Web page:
In reviews of the new TNT police drama The Closer (Mondays, 9 p.m. ET), much has been made of the main character's obsessive relationship to food. LAPD police detective Brenda Johnson (Kyra Sedgwick), known as "the closer" because of her vaunted ability to extract confessions from suspects, spent much of last night's premiere episode gulping yogurt, sucking on mints, and snacking secretly on bags of candy. After wrapping up the wildly improbable and lurid murder case of the week (one that Gil Grissom and his team would have solved a good 20 minutes earlier), Brenda, alone in her hotel room, sensuously consumed a foil-wrapped Ring Ding as the show's credits rolled.
The Times' Alessandra Stanley speculates that Brenda's sweet tooth might be there to "add some humor" to this otherwise grim new procedural drama. Maybe, but there's an edge of dramatic tension to the way food is treated in The Closer. A scene midway through the pilot, in which Brenda spots a box of doughnuts on a fellow cop's desk, is typical; though the case-related banter continues in the background, the focus of the scene shifts to the doughnuts. The camera lingers on the pastries as Brenda considers taking one, changes her mind, then finally grabs one and carries it back to her office, only to abandon it, uneaten, on her desk. This is exactly the way liquor is filmed in TV shows focusing on a character's alcoholism; for example, in The OC's recent storyline about Kirsten Cohen's (Kelly Rowan) drinking, whole conversations were subordinated to shots of the cranberry-and-vodka cocktails she sneaked under her husband's nose.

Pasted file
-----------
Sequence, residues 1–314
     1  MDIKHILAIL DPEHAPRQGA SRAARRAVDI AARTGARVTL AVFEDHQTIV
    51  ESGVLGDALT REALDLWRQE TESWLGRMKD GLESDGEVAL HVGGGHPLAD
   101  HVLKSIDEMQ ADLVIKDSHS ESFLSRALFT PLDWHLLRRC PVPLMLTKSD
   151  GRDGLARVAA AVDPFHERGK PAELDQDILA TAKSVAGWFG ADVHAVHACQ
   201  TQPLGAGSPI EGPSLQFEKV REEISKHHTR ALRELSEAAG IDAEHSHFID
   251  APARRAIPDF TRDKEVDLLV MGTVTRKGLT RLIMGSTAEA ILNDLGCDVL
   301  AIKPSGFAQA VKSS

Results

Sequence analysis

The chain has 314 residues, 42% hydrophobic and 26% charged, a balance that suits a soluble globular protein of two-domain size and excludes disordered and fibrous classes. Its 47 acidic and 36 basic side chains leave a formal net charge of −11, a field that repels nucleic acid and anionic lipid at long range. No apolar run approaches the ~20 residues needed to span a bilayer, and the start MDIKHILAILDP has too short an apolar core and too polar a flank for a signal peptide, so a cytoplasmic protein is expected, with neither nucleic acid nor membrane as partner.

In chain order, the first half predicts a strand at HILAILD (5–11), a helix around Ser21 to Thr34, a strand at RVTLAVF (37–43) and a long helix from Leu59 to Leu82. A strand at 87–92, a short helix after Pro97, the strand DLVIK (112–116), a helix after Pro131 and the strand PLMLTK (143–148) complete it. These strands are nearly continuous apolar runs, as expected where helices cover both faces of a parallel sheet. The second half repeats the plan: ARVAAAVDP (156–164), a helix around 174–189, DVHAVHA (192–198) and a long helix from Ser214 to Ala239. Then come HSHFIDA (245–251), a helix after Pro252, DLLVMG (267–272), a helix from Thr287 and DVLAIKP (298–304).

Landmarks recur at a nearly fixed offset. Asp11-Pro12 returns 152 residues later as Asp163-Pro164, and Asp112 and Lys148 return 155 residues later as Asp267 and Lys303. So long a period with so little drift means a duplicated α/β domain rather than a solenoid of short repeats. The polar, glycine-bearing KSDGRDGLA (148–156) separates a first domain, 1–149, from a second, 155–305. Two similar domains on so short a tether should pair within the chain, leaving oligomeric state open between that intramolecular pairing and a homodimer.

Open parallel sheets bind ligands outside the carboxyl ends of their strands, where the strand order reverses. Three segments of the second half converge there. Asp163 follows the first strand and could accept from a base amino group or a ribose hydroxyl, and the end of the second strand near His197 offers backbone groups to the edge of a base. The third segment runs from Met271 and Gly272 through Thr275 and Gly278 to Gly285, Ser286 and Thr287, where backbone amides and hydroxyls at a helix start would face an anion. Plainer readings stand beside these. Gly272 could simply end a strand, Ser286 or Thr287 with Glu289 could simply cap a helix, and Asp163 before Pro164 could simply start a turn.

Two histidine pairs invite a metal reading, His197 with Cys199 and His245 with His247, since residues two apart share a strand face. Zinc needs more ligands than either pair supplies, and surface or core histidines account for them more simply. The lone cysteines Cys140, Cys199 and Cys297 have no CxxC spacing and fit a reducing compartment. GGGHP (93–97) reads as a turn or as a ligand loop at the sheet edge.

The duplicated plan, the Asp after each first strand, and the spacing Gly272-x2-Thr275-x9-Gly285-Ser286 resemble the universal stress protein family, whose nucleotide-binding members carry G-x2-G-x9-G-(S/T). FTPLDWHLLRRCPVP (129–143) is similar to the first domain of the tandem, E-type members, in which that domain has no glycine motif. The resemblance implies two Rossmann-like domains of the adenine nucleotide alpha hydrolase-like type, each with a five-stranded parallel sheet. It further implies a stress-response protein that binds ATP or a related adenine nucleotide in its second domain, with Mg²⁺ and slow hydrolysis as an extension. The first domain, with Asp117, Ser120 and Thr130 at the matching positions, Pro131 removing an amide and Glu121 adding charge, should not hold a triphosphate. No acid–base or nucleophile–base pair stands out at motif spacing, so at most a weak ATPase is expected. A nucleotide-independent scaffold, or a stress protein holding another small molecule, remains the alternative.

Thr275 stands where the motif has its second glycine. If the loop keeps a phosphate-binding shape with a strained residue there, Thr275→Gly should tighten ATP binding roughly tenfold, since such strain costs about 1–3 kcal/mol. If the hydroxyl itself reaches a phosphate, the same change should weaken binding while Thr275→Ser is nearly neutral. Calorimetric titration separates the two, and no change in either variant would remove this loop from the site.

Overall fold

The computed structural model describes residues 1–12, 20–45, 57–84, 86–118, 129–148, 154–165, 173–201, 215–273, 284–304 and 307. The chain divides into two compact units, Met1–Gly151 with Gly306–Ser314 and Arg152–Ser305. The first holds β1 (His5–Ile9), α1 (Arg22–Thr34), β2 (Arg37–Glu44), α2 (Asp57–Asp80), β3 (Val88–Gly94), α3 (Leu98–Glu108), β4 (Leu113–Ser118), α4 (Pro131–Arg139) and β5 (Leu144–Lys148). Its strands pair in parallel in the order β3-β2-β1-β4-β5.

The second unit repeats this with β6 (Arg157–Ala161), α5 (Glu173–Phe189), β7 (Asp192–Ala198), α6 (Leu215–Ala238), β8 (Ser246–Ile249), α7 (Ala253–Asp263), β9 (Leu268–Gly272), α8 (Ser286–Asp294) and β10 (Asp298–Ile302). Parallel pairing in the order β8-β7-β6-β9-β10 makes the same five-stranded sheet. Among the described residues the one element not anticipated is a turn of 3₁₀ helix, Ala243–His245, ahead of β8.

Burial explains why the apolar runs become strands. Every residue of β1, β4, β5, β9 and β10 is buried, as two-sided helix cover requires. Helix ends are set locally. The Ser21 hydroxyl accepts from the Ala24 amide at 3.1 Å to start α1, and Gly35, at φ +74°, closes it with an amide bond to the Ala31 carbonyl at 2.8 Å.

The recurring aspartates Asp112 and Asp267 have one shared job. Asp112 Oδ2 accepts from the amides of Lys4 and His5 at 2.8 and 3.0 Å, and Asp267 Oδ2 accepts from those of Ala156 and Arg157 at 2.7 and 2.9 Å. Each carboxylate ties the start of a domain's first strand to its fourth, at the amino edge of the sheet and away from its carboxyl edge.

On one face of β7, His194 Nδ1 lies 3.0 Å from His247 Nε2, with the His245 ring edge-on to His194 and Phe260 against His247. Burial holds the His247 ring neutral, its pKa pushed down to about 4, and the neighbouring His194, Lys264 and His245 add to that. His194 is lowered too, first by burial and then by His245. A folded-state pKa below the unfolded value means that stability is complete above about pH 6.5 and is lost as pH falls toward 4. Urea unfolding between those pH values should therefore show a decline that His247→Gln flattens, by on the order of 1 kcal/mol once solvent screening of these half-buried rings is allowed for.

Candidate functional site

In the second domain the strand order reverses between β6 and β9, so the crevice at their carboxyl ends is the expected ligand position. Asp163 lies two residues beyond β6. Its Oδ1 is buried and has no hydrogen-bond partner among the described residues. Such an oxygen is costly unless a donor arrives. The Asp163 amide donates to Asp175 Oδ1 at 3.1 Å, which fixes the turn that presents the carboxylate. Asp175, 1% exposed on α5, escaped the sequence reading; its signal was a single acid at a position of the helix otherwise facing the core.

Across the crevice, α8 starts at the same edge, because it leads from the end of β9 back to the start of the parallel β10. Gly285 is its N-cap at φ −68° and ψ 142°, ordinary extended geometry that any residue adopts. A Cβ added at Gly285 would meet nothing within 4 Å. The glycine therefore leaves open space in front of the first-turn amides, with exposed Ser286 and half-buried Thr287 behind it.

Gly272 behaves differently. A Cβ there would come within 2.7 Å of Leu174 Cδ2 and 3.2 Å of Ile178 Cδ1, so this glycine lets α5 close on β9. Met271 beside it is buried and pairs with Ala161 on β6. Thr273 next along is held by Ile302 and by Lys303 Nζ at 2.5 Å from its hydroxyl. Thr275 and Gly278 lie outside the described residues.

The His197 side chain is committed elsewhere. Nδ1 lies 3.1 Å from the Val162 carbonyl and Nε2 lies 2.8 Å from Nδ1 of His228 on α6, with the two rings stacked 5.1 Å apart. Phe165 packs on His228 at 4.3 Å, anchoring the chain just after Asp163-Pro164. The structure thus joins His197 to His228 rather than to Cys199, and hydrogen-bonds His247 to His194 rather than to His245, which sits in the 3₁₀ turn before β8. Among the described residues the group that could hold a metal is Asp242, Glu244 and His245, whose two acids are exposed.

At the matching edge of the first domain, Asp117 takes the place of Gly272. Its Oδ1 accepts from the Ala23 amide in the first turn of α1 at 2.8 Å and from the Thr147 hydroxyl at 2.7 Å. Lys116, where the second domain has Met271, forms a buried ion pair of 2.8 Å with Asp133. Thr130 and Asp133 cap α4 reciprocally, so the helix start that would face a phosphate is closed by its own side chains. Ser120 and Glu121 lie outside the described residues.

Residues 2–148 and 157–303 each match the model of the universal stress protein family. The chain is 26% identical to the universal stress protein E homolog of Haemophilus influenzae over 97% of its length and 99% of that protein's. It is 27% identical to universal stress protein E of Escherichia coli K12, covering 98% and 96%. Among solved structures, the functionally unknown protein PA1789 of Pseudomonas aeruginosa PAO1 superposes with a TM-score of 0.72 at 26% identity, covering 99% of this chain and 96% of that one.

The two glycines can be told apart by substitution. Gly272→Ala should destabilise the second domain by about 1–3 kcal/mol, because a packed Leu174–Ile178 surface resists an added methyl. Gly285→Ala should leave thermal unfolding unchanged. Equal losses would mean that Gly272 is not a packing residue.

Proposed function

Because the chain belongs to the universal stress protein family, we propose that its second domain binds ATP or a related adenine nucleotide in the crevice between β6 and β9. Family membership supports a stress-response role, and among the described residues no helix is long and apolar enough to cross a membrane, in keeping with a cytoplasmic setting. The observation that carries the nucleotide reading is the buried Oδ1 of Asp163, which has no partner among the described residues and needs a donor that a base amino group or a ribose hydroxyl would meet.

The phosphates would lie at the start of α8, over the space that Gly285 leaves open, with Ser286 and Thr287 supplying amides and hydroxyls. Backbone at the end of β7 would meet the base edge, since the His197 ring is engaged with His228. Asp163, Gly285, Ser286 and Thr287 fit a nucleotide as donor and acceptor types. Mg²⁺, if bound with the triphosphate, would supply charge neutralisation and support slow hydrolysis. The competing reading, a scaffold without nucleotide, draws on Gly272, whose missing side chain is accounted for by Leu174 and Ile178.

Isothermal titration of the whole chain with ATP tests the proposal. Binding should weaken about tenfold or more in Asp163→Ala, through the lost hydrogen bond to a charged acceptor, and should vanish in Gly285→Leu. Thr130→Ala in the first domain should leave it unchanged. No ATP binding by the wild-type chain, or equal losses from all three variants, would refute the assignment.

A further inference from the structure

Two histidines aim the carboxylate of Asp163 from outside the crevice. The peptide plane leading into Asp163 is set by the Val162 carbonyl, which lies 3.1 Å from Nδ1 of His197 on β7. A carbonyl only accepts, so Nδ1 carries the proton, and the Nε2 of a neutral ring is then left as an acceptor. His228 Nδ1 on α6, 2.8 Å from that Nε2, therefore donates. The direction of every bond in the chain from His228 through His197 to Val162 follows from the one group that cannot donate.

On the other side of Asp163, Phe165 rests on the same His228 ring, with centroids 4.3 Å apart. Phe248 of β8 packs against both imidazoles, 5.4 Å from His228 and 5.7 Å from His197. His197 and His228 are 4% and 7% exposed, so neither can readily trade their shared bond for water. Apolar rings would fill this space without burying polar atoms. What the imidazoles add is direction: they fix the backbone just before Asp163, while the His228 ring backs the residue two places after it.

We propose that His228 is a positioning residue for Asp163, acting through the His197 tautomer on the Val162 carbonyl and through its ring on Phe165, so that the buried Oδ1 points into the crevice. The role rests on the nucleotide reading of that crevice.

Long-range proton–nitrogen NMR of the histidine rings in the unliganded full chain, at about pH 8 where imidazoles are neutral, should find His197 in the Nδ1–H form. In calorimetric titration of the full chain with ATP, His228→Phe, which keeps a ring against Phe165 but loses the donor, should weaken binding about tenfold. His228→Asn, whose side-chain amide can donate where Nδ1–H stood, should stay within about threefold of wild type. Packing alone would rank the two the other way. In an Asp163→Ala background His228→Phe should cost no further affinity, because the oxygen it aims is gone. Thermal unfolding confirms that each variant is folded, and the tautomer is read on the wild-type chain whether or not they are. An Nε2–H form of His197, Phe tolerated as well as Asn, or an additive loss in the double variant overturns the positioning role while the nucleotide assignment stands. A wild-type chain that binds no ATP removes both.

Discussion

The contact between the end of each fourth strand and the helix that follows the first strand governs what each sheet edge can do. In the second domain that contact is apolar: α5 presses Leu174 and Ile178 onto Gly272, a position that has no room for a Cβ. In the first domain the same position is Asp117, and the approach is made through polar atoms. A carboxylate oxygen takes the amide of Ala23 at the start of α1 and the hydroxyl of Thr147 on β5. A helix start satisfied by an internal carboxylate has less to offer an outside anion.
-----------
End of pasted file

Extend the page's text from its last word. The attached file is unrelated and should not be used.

Entertainment Weekly's Gillian Flynn sees Brenda's face-stuffing as a cute quirk provided by the writers in lieu of good character development. Flynn writes, "The I love burgers and I'm a reg'largirl! ethos jump-started by Cameron Diaz circa There's Something About Mary has now become shorthand for 'she's down to earth.' Have a woman jam a large lamb shank down her maw, and she's just swell." Though I wholeheartedly agree with Flynn's analysis of Cameron Diaz's annoying persona, I disagree with her comparison of the Diaz-style maw-jam to Brenda's oral fixation in The Closer. Brenda's doughnut jones doesn't seem to signify a one-of-the-boys sportiness as much as it does a specifically feminine neurosis. Does she have an eating disorder? Will junk-food addiction become an ongoing plot thread in The Closer, the way Kirsten's alcoholism is on The OC? Or will Brenda's snacking on sugary treats remain a gimmick, a gumshoe trademark on the order of Kojak's lollipops or Columbo's rumpled coat?
The press coverage of Brenda's eating issues has also ignored one salient fact: Kyra Sedgwick has an absolutely slammin' body. At 39, she's reed-thin, with toned, ropy arms and the generous yet buoyant breasts of a teenager (amply on display in a tank top in one scene last night.) If the show continues to focus on Brenda Johnson's compulsive eating, it'll have to reconcile that story line with Sedgwick's slenderness. Is Brenda a bulimic? An exercise addict? (That trait would seem to conflict with the portrait of her as a workaholic, at the office till all hours.) Or is she just a metabolic phenomenon, able to maintain a constant state of skinny blond hotness through any caloric onslaught?
If The Closer wants to fulfill its ambition of creating a complex, layered female cop character (Kyra Sedgwick has cited Jane Tennison, Helen Mirren's sublimely realized chief inspector in the British series Prime Suspect, as one of her influences), the show could make a brave choice and write in Brenda's as-yet-unnamed eating disorder as a regular plot element—neither a cute eccentricity nor a pat psychological problem to be solved in one episode, but a chronic, humiliating and semi-secret struggle, as eating issues are for so many women in real life.
That, or Kyra Sedgwick could just get fat. Which is not outside the realm of possibility; as she told USA Today, since relocating from her hometown of New York to Los Angeles to star in The Closer, "I haven't even had time to exercise."